The Revised New Testament of the New American Bible, which replaces the previous version issued in 1970, avoids the use of “man” in reference to both men and women. Typical of the change is the verse from Matthew 4:4, “Not on bread alone is man to live” has been revised to read, “One does not live by bread alone.” Some critics have complained that the revision did not go far enough. For example, the Greek word adelphoi (literally, “brothers”) is still translated as “brothers.” This was found “indefensible.” Yet the substitute phrase, “my dear people” (which has appeared in other revised versions), singularly fails to convey the meaning that since members of the community are adopted children of God, they are all members of the same family. In this instance, “my dear people” is actually exclusive since it excludes the intended reference to Christ’s children as members of the same family.
As one female Bible scholar sensibly points out: “When the biblical images of God as father, bridegroom, and other `masculine’ metaphors are rightly interpreted, it is clear that there is nothing `sexist’ about them.” The Bible does not need to be changed; it needs to be understood. And the more people read and understand the Bible, the more they realize their own need to be changed.
Many who are especially zealous about purging Scripture of its “sexism” seem unaware of their own penchant for female bias. Some feminists instruct their children to pray the Lord’s prayer by saying “Our Mother.” Others adorn their “women-church” liturgies with replicas of “Christa,” a crucifix with a nude female body. One feminist theologian urges a trinity of “Mother, Lover, and Friend.” Rosemary Ruether proclaims that the divine reality is best understood as an empowering “primal Matrix,” the great womb “in whom we live, move and have our being.” Male critics are routinely discounted and the male authors of the Gospel are often regarded with suspicion precisely because they are made.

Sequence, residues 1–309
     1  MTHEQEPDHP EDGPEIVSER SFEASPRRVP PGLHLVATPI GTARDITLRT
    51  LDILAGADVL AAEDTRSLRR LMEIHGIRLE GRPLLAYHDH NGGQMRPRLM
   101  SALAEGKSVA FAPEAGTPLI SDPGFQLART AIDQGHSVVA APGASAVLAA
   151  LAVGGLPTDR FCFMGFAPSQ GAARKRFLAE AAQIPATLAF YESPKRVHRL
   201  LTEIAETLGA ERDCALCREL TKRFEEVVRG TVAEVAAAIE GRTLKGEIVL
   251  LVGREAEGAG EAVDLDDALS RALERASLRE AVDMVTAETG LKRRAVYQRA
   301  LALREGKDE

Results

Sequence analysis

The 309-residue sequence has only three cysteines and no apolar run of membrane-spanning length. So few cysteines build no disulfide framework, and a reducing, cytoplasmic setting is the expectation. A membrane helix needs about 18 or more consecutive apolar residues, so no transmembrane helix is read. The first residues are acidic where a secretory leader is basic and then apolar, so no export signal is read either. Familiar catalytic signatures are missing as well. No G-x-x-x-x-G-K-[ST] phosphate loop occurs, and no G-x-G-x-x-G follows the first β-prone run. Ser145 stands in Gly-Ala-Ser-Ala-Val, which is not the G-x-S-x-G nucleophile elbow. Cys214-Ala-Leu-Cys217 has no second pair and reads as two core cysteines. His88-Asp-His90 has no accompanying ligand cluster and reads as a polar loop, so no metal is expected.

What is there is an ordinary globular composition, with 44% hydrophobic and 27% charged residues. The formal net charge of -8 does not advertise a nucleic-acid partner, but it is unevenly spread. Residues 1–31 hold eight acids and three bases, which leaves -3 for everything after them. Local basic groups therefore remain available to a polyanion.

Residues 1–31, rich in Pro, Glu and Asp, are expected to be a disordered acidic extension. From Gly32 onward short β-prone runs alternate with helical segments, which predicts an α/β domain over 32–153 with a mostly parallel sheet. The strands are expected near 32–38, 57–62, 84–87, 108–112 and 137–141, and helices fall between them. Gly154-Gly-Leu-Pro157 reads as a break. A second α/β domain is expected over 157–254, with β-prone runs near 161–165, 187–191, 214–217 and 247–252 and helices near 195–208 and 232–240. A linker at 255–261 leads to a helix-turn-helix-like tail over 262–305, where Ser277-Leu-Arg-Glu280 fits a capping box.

The Hebrew Bible proclaims a Creator who is qualitatively different from his creation and thereby rejects the mother images of God that resurrect Near Eastern fertility goddesses and the human sacrifices associated with the likes of Baal and Astarte. The effort to remove “sexist” language from the Bible is merely the first phase of a program aimed at radically altering its meaning. Rev. Ralph Garbe, past chairman of Canada’s United Church Renewal Fellowship has remarked that “The evidence is beginning to mount that what is happening in our church is not simply a change in language, but a change in faith. The Bible is being distorted by the ideology of feminism.”
Feminist Naomi Goldenberg is willing to state the matter far more graphically. She writes: “The feminist movement in Western culture is engaged in the slow execution of Christ and Yahweh…It is likely that as we watch Christ and Yahweh tumble to the ground, we will completely outgrow the need for an external God.”
The meaning of male and female, of marriage and sexuality, is at once so human and profound, that we cannot alter their Scriptural descriptions without at the same time diminishing Scripture’s human significance. A culture that is as time-bound as the present one is – given its obsession with fads, novelties, and expediency; its materialism, secularism, and individualism; its rejection of the past, its dissatisfaction with the present, and its apprehension of the future – is hardly in a position to correct the timeless and universal Word of God. “All that is not eternal is eternally out of date,” wrote G.S. Lewis, the same man who noted, quite correctly, how odd it is that “the less the Bible is read the more it is translated.”
Donald DeMarco teaches philosophy at St. Jerome’s College, University of Waterloo, Kitchener, Ontario.